The US armaments committee ordered that the US Army Sherman tanks be supported by tank destroyers that had 90 mm guns. This new armoured weapon was called the M36. Jackson. It started service in the U.S. Army in April 1942. It saw combat in Europe in September 1944.
M36 Jackson Tank Destroyer in private ownership in Britain
Over 2000 of these tank destroyers were produced: 1,400 during World War II. A modified Sherman M4A3 chassis was used to construct the Jackson. Later vehicles would use the Sherman M4A3 and M4A2 chassis. The M36 used a newly designed turret with large rear overhang counterweight to balance the extra weight of the 90mm gun.
The M36 Jackson's armour is weak. It was not designed to slug it out at close range with tanks. Its purpose was to speed ahead of the main attack, stay undercover shoot the first enemy tank it sees and then escape at speed before the enemy could shoot back. This tactic was called 'shoot and scoot'.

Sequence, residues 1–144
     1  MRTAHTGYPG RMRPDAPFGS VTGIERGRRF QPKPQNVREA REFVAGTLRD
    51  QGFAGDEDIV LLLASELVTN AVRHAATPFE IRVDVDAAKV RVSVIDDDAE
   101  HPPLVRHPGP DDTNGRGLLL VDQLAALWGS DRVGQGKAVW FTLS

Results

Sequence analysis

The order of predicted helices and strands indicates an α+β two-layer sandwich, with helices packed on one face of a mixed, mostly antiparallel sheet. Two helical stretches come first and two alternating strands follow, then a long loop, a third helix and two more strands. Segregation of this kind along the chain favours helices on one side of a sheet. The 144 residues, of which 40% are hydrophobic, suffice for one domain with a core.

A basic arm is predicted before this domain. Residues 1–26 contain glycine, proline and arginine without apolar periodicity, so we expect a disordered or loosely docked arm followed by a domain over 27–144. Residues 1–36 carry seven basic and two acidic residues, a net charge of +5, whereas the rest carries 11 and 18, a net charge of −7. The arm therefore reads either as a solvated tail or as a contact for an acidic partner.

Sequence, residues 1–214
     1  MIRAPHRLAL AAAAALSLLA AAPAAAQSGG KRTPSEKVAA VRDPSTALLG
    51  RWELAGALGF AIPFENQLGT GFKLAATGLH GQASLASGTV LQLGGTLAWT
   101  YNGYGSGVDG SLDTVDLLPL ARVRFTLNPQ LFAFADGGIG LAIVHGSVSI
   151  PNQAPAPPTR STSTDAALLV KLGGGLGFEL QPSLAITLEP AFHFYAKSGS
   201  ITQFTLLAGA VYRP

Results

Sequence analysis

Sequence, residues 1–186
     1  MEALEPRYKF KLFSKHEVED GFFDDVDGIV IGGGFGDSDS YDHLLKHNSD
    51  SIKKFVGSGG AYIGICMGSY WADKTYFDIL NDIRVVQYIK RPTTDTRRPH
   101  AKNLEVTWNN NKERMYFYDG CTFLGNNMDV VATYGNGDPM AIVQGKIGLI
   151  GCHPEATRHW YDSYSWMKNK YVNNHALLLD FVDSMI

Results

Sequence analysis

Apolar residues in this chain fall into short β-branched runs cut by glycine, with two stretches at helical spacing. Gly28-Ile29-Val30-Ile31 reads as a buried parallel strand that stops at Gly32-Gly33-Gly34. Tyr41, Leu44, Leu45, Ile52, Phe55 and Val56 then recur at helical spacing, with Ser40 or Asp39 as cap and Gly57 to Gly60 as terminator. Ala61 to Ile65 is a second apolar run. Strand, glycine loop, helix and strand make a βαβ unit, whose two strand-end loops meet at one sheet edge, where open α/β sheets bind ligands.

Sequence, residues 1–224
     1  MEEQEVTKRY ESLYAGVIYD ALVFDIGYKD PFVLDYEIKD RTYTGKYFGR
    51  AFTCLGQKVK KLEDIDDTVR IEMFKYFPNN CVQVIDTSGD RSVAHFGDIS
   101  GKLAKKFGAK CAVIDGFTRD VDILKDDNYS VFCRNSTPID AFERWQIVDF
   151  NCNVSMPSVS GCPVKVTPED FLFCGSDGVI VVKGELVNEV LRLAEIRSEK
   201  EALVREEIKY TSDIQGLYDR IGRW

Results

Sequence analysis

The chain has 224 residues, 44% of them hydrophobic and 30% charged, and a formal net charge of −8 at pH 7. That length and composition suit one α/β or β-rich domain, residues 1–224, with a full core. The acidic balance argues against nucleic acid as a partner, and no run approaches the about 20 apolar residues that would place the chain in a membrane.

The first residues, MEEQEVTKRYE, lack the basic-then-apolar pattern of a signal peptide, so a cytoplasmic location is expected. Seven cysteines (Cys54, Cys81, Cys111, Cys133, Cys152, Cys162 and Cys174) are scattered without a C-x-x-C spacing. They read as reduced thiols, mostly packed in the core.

It could also give support to the main advance as its 90mm L50 gun had a longer range than all the tank guns. It could hit enemy tanks at a longer distance before they got within range to fire back. It could penetrate 160 mm of armour. It was a Tiger tank killer.
The folding armoured turret cover on this M36 Jackson Tank Destroyer was never used during WW2. They were added to M36 TDs used in Korea, Yugolavia, Slovinia and Bosnia.